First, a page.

As long as I've been an SF and fantasy reader, I don't think I've read a passage as eloquent and inspirational as the following: "This is what the human story is, not the emperors and the generals and their wars, but the nameless actions of people who are never written down, the good they do for others passed on like a blessing..."
The Years of Rice and Salt is a sprawling, sumptuous fantasy novel about civilization, set against an alternate-historical backdrop of a world in which the Black Death of the 14th century wiped out almost the entire European population (in reality it took about half of it). This has effectively brought Christianity to a halt, allowing Islam to rise to prominence as the world's major religion, Buddhism and Hinduism bringing up the rear. Given the political climate prevalent in the west following 9/11, it's a fascinating and possibly risky premise for a novel, particularly in light of the fact that Robinson's depiction of Islam is entirely benign, having in effect rid the world of its primary competitor (and antagonist). Sure, we get to see our share of pompous caliphs and malicious viziers, but there is a nobility to the common people who make up the meat of this enormous, episodic story.
An important element of the novel is Robinson's literal inclusion of fantasy elements like reincarnation as a means of unifying the ten novella-length sections of the story. I find it interesting that other critics have brushed off or in some cases ignored the fantasy elements, preferring to look at the novel solely as a speculation on the possible course human culture might have taken without Christianity as part of the picture. That's a core theme, to be sure. But it seems to me that the fantasy elements were essential to Robinson, even if only as a possible out in the event his historical speculations met with far too much criticism — either from academics who might think Robinson's scenarios are hopelessly wide of the mark, or political conservatives still hopped up on demonizing Islam who might trash the book as an anti-western, anti-Christianity polemic. Which is most assuredly is not.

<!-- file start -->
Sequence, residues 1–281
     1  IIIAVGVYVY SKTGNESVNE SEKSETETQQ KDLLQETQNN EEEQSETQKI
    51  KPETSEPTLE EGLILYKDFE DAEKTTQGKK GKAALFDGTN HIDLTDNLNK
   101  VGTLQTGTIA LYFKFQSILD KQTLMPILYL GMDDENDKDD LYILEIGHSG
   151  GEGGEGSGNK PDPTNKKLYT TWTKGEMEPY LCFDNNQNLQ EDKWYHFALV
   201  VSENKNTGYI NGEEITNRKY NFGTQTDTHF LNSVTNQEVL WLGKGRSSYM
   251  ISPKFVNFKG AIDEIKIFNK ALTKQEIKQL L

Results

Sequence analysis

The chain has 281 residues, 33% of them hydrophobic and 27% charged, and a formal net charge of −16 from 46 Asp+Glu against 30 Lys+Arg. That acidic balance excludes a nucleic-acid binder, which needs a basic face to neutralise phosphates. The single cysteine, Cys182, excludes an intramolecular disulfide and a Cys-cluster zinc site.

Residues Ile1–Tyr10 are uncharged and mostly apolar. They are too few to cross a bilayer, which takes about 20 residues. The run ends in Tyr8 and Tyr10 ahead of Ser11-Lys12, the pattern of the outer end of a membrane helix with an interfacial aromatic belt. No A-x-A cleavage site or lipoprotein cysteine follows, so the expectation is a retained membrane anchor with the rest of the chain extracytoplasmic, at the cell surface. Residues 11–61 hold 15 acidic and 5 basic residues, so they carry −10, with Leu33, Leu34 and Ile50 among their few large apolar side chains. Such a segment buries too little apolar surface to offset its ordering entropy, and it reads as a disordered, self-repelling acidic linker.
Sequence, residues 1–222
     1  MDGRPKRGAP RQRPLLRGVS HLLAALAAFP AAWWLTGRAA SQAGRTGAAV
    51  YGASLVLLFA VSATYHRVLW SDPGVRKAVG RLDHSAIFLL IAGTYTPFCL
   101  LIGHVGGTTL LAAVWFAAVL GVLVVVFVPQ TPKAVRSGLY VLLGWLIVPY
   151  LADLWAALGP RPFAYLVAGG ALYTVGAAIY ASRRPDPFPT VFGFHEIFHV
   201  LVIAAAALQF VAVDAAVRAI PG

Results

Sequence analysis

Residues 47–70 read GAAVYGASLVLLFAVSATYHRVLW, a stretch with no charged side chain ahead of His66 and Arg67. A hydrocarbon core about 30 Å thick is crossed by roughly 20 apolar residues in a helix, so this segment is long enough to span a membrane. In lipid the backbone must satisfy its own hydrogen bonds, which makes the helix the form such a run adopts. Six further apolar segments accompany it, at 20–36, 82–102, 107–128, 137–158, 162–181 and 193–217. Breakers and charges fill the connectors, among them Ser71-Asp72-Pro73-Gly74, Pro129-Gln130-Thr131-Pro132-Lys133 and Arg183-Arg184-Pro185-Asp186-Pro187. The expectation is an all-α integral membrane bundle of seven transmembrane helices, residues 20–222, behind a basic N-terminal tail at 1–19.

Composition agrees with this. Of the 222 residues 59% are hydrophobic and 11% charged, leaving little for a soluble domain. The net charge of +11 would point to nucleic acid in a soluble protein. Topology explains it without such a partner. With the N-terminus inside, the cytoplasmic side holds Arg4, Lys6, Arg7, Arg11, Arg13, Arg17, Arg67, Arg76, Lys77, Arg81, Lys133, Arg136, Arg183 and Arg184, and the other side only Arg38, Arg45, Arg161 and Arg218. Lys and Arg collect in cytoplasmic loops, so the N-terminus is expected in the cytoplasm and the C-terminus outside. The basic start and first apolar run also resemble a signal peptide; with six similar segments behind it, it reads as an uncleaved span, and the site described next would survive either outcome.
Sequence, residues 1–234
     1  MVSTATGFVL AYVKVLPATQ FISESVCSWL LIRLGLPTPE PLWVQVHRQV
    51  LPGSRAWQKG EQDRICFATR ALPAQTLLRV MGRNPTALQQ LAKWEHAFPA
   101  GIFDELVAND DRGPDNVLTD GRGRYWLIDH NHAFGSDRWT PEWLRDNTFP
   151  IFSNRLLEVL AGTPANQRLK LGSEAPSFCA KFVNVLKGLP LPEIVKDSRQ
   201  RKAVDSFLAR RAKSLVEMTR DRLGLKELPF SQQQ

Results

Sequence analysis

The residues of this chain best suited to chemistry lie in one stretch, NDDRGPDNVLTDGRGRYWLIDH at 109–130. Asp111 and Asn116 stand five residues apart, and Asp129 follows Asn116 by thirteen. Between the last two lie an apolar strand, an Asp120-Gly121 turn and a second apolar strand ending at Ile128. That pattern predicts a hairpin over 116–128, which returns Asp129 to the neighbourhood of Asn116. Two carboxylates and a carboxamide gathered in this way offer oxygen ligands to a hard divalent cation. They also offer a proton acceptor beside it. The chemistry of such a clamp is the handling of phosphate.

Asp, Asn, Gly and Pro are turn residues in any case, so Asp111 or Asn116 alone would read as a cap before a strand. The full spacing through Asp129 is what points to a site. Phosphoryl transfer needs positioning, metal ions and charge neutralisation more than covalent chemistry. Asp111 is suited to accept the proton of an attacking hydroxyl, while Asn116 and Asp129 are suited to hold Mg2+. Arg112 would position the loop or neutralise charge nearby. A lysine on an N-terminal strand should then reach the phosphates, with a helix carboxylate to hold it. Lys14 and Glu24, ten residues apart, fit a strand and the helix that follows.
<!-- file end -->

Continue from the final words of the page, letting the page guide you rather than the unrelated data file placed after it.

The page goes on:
Still, I think this is a novel for a specialized, very sophisticated readership. Your average Joe well most likely find The Years of Rice and Salt too intimidating and inaccessible, and, well, too damn foreign in its sensibilities and its way of posing questions about fate, destiny, and the choices we make.
The principal "characters," if that's even an appropriate term to use, are a couple of souls (there are actually more than that, but the stories principally focus on two) caught up in the endless wheel of birth, death, and rebirth. Robinson shows what I can only assume (having not studied them in-depth myself) is a remarkable comprehension of the metaphysics of eastern religions, and he incorporates these beliefs into a unique and fascinating fantasy setting unlike anything I've read before. Mind you, this is not a religious novel. Robinson is storytelling, not proselytizing. He has simply found in eastern religions some wonderful mystical concepts to employ in fantasy. Few western fantasists have seen fit to set their novels in the east, perhaps only for the colossal research that would require. But Robinson has never been a writer who minded doing his homework.